In fact, with hectic travel schedules, whether work or play, a major part of our time is spent inside airports. The thought came to me as I stood in an unending queue for security amidst chaos and frayed tempers at Goa’s new airport soon after it opened. Which airport ticks all the boxes as one we would most like to be stranded at, like Tom Hanks in The Terminal?
My guess is, probably none. But what if we had to pick? I called a few frequent flyers for a dipstick survey and unsurprisingly, most mentioned Bangalore’s Kempegowda International Airport. Version 2.0, of course.
I’m not surprised Goa struck out. The new terminal, though large and with the appropriate amount of steel and glass, lacks the finish it should have for a destination like Goa, a fact bemoaned by Goan celebrities like designer Wendell Rodricks, who posted on Facebook: “Why did they open an airport that needs completion and a thorough cleaning inside and out?” Ditto that Wendell. Already, it looks a tad worn and truth be told, I miss the kitschy plaster fisherfolk you’d bump into at unexpected corners in the old airport.
I caught brand pro Harish Bijoor disembarking at Delhi’s T3. What makes an airport special? “The presence of nature amidst all the steel,” he replied. Here’s where Bangalore’s airport, with its greenery and inquisitive, friendly sparrows, notches up points. “There’s twitter here – the real kind,” he says. Birds apart, he enjoys South Indian coffee, kuttu parathas and chicken Chettinad at Malgudi Tiffin Centre in the domestic terminal. The new five-star lounges feel “far from the madding crowd,” with hot dosas and efficient internet: oceans of quiet with the lure of massages at the spa and hot showers for the travel weary. Next, he says, is Delhi T3 for its bits of greenery and overall efficiency, despite its treadmill-like corridors. Cutest airport? Bhopal, which reminds him of a flying saucer. Most ethnic? The low-rise Kochi airport with its tiled roof.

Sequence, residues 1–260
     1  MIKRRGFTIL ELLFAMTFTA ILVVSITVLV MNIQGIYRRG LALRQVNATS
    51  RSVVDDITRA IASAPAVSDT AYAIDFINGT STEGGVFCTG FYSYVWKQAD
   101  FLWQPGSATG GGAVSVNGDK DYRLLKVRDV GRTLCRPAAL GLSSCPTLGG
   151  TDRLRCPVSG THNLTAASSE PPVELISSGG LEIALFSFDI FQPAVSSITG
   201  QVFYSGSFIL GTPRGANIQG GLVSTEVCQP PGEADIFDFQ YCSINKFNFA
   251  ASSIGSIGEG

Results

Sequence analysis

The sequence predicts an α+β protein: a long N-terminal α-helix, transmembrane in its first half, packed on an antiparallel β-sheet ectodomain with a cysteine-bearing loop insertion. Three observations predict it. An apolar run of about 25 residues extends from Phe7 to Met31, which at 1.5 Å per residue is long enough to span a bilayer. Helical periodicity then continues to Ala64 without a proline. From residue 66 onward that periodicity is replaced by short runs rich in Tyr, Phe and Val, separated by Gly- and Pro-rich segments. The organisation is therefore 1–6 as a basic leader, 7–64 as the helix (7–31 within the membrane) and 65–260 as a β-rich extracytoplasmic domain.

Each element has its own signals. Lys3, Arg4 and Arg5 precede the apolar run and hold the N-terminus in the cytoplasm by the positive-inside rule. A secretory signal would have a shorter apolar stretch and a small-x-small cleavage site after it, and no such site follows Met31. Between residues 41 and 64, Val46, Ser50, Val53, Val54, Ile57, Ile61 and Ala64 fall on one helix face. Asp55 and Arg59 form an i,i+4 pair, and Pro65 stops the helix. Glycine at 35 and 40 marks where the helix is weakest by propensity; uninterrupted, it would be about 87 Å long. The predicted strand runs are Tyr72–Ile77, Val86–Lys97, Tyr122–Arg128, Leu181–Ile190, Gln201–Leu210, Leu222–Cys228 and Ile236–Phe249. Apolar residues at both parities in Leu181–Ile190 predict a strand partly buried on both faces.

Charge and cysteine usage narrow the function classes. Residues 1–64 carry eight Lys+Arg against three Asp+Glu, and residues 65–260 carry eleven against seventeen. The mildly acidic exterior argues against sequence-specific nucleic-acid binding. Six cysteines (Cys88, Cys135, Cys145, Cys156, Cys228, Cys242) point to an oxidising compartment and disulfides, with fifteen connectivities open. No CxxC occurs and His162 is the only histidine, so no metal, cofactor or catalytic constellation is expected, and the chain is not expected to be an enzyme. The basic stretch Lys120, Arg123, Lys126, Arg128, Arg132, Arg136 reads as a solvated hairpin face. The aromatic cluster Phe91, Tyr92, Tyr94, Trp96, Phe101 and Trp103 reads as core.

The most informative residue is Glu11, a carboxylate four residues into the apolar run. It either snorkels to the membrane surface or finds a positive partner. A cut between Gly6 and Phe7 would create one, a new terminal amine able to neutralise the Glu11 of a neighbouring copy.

Bangalore airport has improved vastly, is almost “swank and spiffy”, says sports commentator Charu Sharma. His biggest airport grouse? Bottlenecks at security checks. “What’s the point skating through airports only to get stuck in long, daunting queues at security checkpoints?” he asks. For foodie Aslam Gafoor, Bangalore’s KIA clearly “takes the cake”. Easy check-ins, soothing colour schemes to ease traveller stress, and friendlier security staff. The variety of 24-hour kerbside eateries means he needn’t head home hungry after a long trip.
Our old airport seems a lifetime away as we sit sipping espressos and eating quiches at KIA’s Café Noir at 1 am. Yes, things have changed for us travellin’ Bangaloreans. Add dedicated airport taxis and direct buses to Mysore, and a meet-and-greet service for your VIP visitors, and things are looking up. Oh, and have you tried the southern tadka French fries at Bar380 at the international departures terminal? I’m told it’s BIAL’s best kept foodie secret.
Ruma Singh, a Bangalore-based lifestyle writer and wine blogger, presents an (independent) column on observations, insights and what’s buzzing in the city.
—Ruma Singh (firstname.lastname@example.org)